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North Carolina's Historically Black Colleges and Universities (HBCUs)

Prior to the conclusion of the Civil War in 1865, the majority of African Americans in the United States were enslaved persons living in the southern states. Education for African Americans was sparse, especially in the South with laws such as North Carolina's that prohibited teaching enslaved persons to read and write. It was a rare occurrence for an African American to be literate.  While there were a few schools dedicated to African American education in the North prior to the Civil War, the first college available to African Americans in the South was Shaw University, which opened its doors in 1865. A number of institutions dedicated specifically for the education of African Americans were founded in the era immediately following the Civil War and others followed when segregation limited equal access to education. These schools are often known as Historically Black Colleges and Universities, or "HBCUs". 
North Carolina has twelve historically black colleges and universities, including the oldest in the South, Raleigh's Shaw University, founded in 1865, and North Carolina's newest HBCU, North Carolina Central University, founded in 1910 in Durham. Ten of these schools continue to operate today.

Click here for an interactive timeline of the history of North Carolina's HBCUs

Click on the images below for NCpedia articles on North Carolina's HBCUs

Shaw UniversityFayetteville State UniversityBarber-Scotia CollegeJohnson C. SmithSt. Augustine's UniversityBennett CollegeLivingstone CollegeKittrell CollegeNorth Carolina A&T State UniversityElizabeth City State CollegeWinston-Salem State UniversityNorth Carolina Central University


Barber-Scotia College (1867)
Bennett College (1873)
Elizabeth City State University (1891)
Fayetteville State University (1867)
Johnson C. Smith University (1867)
Kittrell College (1886-1975)
Livingstone College (1879)
North Carolina A & T State University (1891)
North Carolina Central University (1910)
St. Augustine’s University (1867)
Shaw University (1865)
Winston-Salem State University (1892)

Image Credits:

Contemporary photographs taken from university websites. Historic photo of Johnson C. Smith University from Digital Smith, in the Archives of the James B. Duke Library.



Hello, I am wondering if you could offer the name if an organization in my area (Guilford County NC) that could help with this issue. According to this article, we may be potentially losing an important historic African American and Quaker historic landmark. Thank you, Pam Williams


were you able to resolve this African American Quaker issue what is the historic landmark. I am a Quaker and may be able to help



You may want to consider contacting the Quaker church in the area. Local universities may have an interest. 

Erin Bradford, Government and Heritage Library


Excellent article however the primary question was not addressed. The major question to be settled is; what was the first HBCU (historically black college or university) in the US. That answer is Lincoln University (PA). Cheyney University is a fine institution but did not originate as a college. Your article did not correctly state that Cheyney was an elementary school at its inception (Institution for Colored Youth 1837 – 1913), then a High School (Cheyney State Normal School 1913 – 1921)and later became a teachers college in 1921(Cheyney State Teachers College 1921 – 1959). Lincoln University of PA (Founded as Ashmun Institute) was and is the first HBCU. Lincoln University chartered by the State of PA in April of 1854 (then Ashmun Institute), with its original purpose for the higher education of youth of African descent. Lincoln was established under the protection of the Presbytery of New Castle in 1853, as an institution to be called Ashmun Institute, for the scientific, classical and theological education of young Black males. On April 29, 1854, Ashmun Institute received its charter from the Commonwealth of Pennsylvania. Lincoln’s graduates went on to start other colleges with a focus on educating the nation’s poor and minority population such as South Carolina State University, Livingstone College, Albany State University and several others. Lincoln University is also credited for graduates founding colleges and universities internationally. Lincoln University is also credited with educating the first presidents of Nigeria and Ghana. Lincoln also covets historically significant graduates such as Langston Hughes, Thurgood Marshall, Hildrus A. Poindexter and many others.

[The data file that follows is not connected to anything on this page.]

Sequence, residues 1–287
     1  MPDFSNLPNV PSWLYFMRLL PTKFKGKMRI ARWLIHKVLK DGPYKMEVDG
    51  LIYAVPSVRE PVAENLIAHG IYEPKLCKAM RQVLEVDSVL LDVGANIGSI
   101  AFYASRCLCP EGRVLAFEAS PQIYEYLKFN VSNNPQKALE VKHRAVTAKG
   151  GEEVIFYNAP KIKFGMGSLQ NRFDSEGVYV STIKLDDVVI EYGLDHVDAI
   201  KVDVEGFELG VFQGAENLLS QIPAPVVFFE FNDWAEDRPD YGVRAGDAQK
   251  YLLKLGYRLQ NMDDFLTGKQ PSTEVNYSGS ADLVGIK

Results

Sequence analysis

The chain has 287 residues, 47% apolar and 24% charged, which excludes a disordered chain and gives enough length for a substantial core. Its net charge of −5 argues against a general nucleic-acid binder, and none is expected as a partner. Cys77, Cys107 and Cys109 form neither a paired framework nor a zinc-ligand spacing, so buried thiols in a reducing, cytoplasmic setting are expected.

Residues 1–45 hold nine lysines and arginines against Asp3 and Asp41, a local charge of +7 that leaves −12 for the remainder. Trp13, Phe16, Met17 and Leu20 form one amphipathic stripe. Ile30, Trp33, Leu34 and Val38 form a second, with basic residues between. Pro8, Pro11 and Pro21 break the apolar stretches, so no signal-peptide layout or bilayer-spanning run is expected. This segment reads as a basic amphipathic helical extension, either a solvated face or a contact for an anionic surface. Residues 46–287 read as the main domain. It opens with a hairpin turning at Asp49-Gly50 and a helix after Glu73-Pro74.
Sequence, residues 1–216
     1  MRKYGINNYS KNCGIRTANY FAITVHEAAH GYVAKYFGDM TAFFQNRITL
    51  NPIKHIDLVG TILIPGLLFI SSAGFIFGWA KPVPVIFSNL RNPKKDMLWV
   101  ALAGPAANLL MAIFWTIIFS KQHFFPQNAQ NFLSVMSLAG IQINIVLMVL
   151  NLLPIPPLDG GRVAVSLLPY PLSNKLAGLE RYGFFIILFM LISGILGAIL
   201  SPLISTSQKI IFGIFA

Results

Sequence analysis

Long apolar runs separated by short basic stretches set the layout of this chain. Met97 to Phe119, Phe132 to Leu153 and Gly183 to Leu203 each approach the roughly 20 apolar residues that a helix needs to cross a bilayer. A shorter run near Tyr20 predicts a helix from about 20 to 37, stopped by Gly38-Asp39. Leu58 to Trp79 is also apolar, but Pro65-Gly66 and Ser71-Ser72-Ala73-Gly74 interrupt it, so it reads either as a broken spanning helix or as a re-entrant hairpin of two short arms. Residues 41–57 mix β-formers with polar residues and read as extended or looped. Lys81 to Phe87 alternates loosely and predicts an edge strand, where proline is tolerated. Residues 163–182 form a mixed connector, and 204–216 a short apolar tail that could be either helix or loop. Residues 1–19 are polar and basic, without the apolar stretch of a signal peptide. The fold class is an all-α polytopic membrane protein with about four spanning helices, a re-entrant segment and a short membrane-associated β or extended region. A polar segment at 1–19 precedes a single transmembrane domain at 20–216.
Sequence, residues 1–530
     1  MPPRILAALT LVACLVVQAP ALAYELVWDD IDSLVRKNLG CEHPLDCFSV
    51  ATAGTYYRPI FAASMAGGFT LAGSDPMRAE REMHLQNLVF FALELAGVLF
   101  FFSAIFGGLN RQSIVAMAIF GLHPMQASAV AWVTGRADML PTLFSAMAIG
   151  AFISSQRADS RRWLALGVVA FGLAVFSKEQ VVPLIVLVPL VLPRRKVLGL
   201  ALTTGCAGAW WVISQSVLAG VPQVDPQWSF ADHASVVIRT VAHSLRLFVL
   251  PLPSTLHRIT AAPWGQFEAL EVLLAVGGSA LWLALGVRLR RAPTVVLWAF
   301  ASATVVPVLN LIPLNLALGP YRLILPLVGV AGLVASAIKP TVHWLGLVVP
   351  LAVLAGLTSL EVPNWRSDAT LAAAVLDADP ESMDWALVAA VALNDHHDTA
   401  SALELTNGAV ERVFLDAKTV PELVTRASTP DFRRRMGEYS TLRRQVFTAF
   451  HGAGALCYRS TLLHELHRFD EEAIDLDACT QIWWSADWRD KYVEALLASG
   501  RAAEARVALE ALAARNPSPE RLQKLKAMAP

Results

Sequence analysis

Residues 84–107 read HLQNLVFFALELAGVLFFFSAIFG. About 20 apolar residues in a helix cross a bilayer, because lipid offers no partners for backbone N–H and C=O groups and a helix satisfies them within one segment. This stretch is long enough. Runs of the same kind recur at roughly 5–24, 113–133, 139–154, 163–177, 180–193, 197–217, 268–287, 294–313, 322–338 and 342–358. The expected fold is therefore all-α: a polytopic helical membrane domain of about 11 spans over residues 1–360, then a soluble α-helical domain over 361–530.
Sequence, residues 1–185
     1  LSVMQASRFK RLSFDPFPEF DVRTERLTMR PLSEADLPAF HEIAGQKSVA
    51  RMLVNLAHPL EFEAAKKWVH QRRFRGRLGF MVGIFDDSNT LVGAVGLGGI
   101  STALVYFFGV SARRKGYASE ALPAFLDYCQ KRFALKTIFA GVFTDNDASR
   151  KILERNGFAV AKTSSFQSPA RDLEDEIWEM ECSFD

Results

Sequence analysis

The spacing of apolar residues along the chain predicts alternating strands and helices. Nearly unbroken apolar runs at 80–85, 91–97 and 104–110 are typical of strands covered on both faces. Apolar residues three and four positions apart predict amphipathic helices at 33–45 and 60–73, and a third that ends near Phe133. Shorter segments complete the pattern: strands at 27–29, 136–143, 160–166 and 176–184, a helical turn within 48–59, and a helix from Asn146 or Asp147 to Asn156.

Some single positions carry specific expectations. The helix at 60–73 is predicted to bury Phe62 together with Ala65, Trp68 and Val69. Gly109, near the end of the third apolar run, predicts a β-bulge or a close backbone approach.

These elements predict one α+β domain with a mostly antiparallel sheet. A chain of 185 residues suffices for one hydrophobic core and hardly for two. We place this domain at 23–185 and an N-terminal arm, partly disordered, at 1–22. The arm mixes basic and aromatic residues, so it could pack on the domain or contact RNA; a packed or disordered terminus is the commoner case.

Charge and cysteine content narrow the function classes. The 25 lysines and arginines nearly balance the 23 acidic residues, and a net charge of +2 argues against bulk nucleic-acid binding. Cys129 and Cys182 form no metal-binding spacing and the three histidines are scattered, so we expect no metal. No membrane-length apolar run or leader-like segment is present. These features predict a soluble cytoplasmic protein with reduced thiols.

I have learned a lot in this article! Thanks for posting and sharing this article!


I am inquiring information on any HBCUs in North Carolina and or surrounding states that are in a collaborative partnership delivering health care in a community setting? If possible, I would like information on it.
McCullough, E.
January 31,2019


The article states Shaw University started in 1895. Correction, Shaw U. was started in 1865. Also the wording implies that Shaw University was the first HBCU. It should read more clearly if you mean first in North Carolina. Please update and correct the shared information. Thanks


While Shaw University was founded in 1865 it was not only the first HBCU in North Carolina; but rather there is information that concludes that Shaw is actually the oldest HBCU in the south.


Thank you for using NCpedia and bringing this to our attention. We will work on correcting the article. Please check back for updates!

Laurie Reeves, NC Government & Heritage Library


These colleges are well but i'm not looking to go to any of these colleges.

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